McCOOK, Nebraska -- Hillcrest Nursing Home officials may need to ask Red Willow County commissioners to take out a $1.1 million loan to help rectify a cash flow problem.
Nursing home interim administrator Jerry Rothmeyer and board member Randy Dean told commissioners last week that the facility's cash flow problems started when a billing clerk's employment was terminated in February, and three months of Medicare and Medicaid claims that she would have filed for payment were not. Medicare and Medicaid claims together would have amounted to about $225,000 per month.
All of the claims have now been filed, Rothmeyer told commissioners Monday morning.
Another cash flow blow came about more recently when a sale of bed licenses that was to have generated $250,000 did not go through as quickly as anticipated. While the market for the beds remains, the sale is not expected to go through until Oct. 1 at the earliest.
Rothmeyer, Dean and fellow trustees Jim Hall and Jim Howard met with commissioners Monday morning to ask that the county consider authorizing an emergency loan. Because the nursing home is owned by the county, the nursing home's board of trustees is not authorized to borrow money; it will take a vote by two-thirds of the county board to authorize the loan.
During their weekly meeting June 18, commissioners authorized a "loan" to Hillcrest of up to $300,000 from the county's inheritance tax fund. Commission chairman Earl McNutt said Monday he would rather take out a bank loan than "wipe out" the county's inheritance tax fund of about $788,000.
County attorney Paul Wood suggested that a bank loan could be used to pay the nursing home's "three big obligations," freeing revenues to pay for operating expenses. "These big obligations you know exist. You have to be able to meet them," he said.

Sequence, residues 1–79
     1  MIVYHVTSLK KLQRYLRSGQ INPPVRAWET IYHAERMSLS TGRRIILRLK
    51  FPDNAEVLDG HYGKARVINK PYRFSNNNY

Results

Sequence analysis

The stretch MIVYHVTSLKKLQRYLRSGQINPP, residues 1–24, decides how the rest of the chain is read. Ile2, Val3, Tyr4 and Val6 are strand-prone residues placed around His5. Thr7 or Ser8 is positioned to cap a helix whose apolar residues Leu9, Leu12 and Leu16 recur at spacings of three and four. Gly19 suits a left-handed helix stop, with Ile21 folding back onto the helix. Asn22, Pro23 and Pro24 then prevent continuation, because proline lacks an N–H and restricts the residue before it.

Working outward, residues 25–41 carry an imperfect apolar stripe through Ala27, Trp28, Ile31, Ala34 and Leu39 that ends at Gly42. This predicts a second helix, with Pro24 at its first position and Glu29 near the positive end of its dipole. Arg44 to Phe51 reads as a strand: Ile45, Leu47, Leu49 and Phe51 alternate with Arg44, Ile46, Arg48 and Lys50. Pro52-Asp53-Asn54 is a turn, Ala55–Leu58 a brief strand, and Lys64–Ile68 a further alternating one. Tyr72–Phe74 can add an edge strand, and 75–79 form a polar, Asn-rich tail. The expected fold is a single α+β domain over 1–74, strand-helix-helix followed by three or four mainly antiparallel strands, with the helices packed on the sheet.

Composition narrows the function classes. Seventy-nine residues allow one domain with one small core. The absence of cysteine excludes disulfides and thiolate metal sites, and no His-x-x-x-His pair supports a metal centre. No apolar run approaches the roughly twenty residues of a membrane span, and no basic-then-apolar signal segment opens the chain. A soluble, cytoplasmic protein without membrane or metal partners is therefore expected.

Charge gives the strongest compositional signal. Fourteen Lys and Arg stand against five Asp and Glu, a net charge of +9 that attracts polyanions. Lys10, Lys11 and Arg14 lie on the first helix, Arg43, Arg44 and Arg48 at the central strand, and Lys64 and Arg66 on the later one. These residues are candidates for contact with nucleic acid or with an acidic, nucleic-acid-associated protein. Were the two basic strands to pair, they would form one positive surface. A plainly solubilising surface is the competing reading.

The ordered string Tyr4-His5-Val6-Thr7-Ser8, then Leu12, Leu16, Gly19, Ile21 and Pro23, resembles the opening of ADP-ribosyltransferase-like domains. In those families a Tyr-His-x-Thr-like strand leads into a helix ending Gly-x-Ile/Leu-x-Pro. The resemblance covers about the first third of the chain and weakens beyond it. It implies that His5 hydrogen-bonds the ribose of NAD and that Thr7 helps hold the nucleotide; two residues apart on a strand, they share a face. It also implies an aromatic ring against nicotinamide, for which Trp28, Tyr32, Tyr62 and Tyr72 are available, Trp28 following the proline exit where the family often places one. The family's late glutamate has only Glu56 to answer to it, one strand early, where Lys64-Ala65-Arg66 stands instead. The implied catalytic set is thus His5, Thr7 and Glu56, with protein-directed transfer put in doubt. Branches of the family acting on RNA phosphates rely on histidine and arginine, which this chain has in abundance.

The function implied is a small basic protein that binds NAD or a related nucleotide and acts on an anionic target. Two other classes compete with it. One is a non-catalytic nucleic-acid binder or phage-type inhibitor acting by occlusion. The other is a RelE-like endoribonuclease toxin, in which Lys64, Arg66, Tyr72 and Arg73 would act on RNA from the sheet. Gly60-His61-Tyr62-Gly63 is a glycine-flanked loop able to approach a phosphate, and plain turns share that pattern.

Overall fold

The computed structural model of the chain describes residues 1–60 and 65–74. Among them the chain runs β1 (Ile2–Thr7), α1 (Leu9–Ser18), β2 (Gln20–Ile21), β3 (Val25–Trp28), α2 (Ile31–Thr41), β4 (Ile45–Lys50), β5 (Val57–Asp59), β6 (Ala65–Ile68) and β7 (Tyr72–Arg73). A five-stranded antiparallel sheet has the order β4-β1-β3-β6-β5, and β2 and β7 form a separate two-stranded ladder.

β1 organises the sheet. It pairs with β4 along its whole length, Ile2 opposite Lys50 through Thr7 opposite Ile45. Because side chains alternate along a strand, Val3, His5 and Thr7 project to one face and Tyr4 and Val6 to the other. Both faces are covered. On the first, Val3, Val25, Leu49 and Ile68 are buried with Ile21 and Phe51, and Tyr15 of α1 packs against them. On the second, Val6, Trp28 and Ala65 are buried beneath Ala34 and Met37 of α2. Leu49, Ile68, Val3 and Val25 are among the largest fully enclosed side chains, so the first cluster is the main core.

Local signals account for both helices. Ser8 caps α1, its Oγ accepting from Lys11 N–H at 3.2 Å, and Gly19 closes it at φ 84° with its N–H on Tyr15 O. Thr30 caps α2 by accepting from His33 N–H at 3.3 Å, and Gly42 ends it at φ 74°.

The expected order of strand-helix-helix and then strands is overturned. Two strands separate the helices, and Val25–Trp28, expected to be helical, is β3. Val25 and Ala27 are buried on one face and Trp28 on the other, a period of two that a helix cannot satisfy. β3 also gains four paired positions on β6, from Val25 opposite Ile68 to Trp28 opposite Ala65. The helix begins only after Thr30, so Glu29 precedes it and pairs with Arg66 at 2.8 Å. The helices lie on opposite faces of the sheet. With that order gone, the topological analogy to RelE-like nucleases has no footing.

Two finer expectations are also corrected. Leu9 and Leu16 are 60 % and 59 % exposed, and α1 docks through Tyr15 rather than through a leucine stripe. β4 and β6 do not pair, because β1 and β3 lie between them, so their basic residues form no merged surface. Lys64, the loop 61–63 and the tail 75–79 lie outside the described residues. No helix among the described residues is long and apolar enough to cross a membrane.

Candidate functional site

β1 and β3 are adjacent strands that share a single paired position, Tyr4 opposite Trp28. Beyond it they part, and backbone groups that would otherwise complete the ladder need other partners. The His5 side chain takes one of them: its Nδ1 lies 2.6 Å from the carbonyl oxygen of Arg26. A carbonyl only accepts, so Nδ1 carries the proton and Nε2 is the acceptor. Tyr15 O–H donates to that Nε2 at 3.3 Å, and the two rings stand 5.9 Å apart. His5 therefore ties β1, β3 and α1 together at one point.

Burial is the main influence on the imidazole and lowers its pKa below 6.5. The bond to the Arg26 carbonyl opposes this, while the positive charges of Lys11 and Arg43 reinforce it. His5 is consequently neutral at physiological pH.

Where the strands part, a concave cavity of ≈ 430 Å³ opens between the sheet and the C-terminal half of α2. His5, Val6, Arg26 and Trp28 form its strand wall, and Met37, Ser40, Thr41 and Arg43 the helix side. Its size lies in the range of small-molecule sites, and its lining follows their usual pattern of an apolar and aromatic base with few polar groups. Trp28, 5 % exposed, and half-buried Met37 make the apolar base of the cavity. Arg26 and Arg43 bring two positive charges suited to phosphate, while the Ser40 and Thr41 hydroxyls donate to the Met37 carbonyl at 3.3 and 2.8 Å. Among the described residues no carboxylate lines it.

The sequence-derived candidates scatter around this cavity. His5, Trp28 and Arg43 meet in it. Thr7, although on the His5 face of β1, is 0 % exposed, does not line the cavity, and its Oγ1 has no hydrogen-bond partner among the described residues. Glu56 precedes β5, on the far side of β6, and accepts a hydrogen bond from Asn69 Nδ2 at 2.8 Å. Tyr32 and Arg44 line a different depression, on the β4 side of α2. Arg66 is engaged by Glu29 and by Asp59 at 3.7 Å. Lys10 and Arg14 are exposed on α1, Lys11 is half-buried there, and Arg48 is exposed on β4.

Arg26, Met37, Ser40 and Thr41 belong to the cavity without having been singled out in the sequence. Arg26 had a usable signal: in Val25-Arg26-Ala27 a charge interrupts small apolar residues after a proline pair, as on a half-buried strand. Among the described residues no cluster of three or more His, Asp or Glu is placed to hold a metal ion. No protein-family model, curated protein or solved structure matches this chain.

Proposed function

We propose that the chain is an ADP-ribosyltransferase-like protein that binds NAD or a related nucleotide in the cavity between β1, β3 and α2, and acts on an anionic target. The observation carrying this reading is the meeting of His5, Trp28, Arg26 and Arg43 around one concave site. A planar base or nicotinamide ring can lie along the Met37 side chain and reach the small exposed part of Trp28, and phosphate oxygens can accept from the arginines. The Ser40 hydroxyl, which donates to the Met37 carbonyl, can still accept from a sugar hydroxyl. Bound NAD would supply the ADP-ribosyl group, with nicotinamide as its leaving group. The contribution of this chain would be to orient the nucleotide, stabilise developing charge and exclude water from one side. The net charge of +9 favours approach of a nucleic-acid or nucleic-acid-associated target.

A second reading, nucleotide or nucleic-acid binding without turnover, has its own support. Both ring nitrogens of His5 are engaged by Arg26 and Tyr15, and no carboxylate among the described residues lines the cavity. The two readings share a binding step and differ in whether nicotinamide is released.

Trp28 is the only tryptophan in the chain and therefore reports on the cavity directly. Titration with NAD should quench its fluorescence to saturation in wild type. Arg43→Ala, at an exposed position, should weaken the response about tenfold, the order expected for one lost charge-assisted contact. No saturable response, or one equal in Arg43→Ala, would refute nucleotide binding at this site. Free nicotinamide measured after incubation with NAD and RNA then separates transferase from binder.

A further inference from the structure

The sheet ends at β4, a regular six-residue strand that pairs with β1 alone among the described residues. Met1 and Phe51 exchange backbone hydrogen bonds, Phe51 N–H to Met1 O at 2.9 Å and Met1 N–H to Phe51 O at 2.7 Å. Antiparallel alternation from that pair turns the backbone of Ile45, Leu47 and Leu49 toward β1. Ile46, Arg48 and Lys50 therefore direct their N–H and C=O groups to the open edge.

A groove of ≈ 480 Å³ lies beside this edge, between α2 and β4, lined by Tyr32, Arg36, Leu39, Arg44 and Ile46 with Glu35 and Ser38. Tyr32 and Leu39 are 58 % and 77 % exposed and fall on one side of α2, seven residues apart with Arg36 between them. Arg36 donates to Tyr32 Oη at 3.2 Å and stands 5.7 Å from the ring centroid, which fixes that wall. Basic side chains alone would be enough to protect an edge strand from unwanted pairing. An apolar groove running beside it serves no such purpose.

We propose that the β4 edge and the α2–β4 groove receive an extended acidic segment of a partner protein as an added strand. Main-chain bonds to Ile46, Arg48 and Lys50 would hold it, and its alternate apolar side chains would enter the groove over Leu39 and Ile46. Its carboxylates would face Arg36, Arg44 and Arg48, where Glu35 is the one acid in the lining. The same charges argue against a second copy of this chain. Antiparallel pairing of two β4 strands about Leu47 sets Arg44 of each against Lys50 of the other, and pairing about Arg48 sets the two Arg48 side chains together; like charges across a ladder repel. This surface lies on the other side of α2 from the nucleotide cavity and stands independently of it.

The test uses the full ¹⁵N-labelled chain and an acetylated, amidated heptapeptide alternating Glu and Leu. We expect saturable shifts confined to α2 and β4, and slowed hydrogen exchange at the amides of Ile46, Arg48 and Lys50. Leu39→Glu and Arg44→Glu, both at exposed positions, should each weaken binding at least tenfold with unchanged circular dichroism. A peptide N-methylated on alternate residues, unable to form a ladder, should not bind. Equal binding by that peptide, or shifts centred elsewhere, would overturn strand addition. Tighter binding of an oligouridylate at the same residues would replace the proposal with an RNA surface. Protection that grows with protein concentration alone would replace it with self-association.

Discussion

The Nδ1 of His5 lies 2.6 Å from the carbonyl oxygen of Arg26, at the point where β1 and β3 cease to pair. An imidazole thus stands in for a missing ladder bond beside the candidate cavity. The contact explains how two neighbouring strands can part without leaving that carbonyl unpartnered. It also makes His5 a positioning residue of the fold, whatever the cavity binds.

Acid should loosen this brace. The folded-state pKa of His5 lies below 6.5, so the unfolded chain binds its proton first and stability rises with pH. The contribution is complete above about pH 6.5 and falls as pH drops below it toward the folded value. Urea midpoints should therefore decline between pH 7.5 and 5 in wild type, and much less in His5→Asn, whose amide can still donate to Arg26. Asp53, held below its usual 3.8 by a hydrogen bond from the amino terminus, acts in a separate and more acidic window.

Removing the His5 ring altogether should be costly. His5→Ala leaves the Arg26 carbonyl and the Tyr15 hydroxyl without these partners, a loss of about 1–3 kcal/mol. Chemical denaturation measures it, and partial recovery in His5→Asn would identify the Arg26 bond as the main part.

The three big obligations are construction payments of $333,291 due July 1 and (a final payment of) $596,286 due Aug 1, and a bond payment of $165,000 due Nov. 1. These payments total $1,094,577.
Wood suggested that the loan could be written as a "line of credit" used if/as it is needed, and repayment not structured as monthly payments.
Dean said that the nursing home's checking account balance, reserve fund CD's of $274000, Medicare and Medicaid payments and accounts receivable will be sufficient to make payroll and expenses between now and Aug. 1. "Our critical time will be August," Dean said.
Rothmeyer said that reopening the remodeled 100 wing -- with 10 new rooms and their associated income -- and reducing expenses will also help the nursing home's bottom line. Rothmeyer said cost reductions would not impact resident care.
While state statutes do not restrict the length of a loan, commissioner Steve Downer said that "long-term borrowed money" is relatively inexpensive. Both Dean and Rothmeyer said they would anticipate paying off the loan within a couple years.
Commissioners asked Wood to investigate whether it is possible that a levy to pay back a loan for construction costs -- if such a levy becomes necessary -- can be placed outside the county's state-mandated 50-cent tax levy limit as capital improvements.
Rothmeyer said that Medicare/Medicaid payments are coming in. Jim Howard told commissioners, "We're going to fix this. We are able to fix this, and we are fixing it."
Wood suggested to commissions that he, Hillcrest administrators and board members, a commissioner, Brian Esch of McCook National Bank and Dan Miller, the county's budget clerk, get together to determine the amount and structure of a possible loan. Esch encouraged officials to think at least a month in advance. Loan mechanics, tax levies and county budgets "are complicated," he said. He also said that if Hillcrest hires a strategic planner to work with whomever is hired as the new administrator, "they can't do strategic planning if they're fighting weekly cash flow problems."